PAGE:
1.  Reliability in severe cold and desert conditions
2.  Adequate protection against dust and dirt
3.  Simple mechanism
4.  Weight less than or equal to the standard infantry rifle
5.  Shorter length than the standard infantry rifle
6.  Trajectory comparable to that of the rifle out to 600 meters
7.  Accurate semiautomatic fire out to 400 meters
8.  Effective short burst fire out to 400 meters
9.  350 - 450 round per minute cyclic rate
10.  Controlled fire in full automatic mode
11.  Provision for mounting a grenade launcher
MKb 42(W)
Walther MKb 42(W)
Image Credit:  Senich, Peter R., The German Assault Rifle 1935 - 1945, Paladin Press (Boulder, Colorado, 1987) Page 10
During the development process,  Haenel  turned to Merz Werke of Frankfurt for expertise and assistance with the sheet metal forming processes for the new rifle.  Meanwhile, in Zella-Mehlis, the Walther firm had become aware of the MKb program, and submitted a gas-operated turning bolt 
design.   By mid-1942, the perfected Walther and Haenel designs were submitted.  Interestingly, though developed separately, the Walther and Haenel designs shared a surprising number of operational, dimensional, and and aesthetic features.

MKb 42(H)
The original Haenel produced prototype weapons incorporated many of the features of earlier Schmeisser designs, such as the MP38 and MP40 submachineguns.  The prototypes featured a simple gas operation system with the gas tube and pistol positioned above the barrel.  The rifle used 
MKb 42(H)
Haenel MKb 42(H)
Image Credit:  Senich, Peter R., The German Assault Rifle 1935 - 1945, Paladin Press (Boulder, Colorado, 1987) Page 32
a striker firing mechanism and was fired from an open bolt and used a tilting block locking mechanism.  The gas piston extension, when forced rearward by the expanding propellant gases, would lift the bolt out of its locked position, and carry it to the rear for the extraction and ejection cycles, and then, under pressure from the operating spring, pull the bolt forward, strip a fresh round into the chamber, and force the bolt downward into its locking recess in the receiver.  The cocking handle was placed on the left side of the receiver so as  to enable the operator to recharge the rifle with the left hand while not disturbing aiming.  The 30 round detachable box magazine was intended to serve as a firing support in the prone position.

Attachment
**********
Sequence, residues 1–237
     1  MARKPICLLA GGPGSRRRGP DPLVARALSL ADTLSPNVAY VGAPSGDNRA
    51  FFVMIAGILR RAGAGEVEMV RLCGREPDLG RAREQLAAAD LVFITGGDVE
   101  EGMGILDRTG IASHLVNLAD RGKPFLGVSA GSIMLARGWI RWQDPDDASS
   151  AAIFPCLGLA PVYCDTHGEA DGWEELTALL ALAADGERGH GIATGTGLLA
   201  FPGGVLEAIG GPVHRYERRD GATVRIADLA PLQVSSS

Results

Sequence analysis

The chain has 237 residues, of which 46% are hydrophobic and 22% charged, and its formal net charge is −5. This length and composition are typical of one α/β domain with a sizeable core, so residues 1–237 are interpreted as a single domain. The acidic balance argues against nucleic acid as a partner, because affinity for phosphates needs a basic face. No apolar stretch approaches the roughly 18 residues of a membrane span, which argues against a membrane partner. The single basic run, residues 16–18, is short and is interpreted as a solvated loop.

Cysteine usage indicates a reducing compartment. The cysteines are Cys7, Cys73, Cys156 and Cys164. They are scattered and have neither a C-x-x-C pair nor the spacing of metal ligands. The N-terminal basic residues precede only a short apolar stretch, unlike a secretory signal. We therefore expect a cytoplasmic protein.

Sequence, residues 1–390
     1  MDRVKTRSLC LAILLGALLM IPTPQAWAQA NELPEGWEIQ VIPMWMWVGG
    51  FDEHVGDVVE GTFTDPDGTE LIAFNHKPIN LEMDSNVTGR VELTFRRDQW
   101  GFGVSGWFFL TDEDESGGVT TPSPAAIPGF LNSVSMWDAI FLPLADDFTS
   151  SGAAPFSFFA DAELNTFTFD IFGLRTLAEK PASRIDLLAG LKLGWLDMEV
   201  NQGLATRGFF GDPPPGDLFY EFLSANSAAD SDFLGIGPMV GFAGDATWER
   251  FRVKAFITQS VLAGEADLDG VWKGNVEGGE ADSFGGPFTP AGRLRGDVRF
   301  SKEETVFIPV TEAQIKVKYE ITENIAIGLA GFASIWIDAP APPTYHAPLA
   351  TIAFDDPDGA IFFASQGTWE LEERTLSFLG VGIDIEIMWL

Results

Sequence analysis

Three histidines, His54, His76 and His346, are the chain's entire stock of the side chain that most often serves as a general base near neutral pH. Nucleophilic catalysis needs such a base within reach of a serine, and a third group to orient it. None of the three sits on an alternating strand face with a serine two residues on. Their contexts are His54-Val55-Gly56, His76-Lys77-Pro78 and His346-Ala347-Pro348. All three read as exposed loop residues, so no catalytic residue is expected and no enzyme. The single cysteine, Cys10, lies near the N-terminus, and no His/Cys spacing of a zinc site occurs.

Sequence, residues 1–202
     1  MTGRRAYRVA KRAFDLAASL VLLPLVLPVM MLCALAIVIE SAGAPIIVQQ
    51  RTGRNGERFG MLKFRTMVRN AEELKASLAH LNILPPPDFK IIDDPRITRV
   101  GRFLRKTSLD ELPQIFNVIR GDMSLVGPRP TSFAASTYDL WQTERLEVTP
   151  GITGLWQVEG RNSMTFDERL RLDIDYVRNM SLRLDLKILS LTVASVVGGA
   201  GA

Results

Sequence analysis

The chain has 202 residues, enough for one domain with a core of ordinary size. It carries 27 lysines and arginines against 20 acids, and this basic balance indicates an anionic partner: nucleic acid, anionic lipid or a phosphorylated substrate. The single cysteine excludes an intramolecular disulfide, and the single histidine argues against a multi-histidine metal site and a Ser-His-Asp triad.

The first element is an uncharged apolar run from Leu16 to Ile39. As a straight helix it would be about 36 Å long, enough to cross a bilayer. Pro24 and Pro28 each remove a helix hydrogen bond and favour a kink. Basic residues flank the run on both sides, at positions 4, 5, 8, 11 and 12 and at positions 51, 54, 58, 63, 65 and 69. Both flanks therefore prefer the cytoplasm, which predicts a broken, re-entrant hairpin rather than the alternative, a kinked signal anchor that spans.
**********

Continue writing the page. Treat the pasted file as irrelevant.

Sturmgewehr Series Receiver Block
Sturmgewehr Series Receiver Block
Image Credit:  Senich, Peter R., The German Assault Rifle 1935 - 1945, Paladin Press (Boulder, Colorado, 1987) Page 87
The receiver was entirely enclosed in the rifle's sheet metal main group housing, and was secured by means of locating pins and indentation into which the sheet metal was pressed.  Disassembly of the receiver from the housing was not contemplated, and required the destruction of the weapon to achieve.

The fire control group was contained in a stamped sheet metal housing hinged to the bottom of the receiver, which also served as the trigger guard and pistol grip.  A cross-bolt

type of selector was used for semiautomatic and automatic firing modes.  When the bolt was pushed to the left, the letter D (for Dauerfeuer or full auto firing) was exposed.  When pushed to the right, the letter E (for Einzelfeuer, or single shot firing) was exposed.  The safety system on the prototypes was an L-shaped notch in the rear of the cocking handle slot and a forward cut out, thus permitting the bolt to be held in the rear safe or forward locked positions.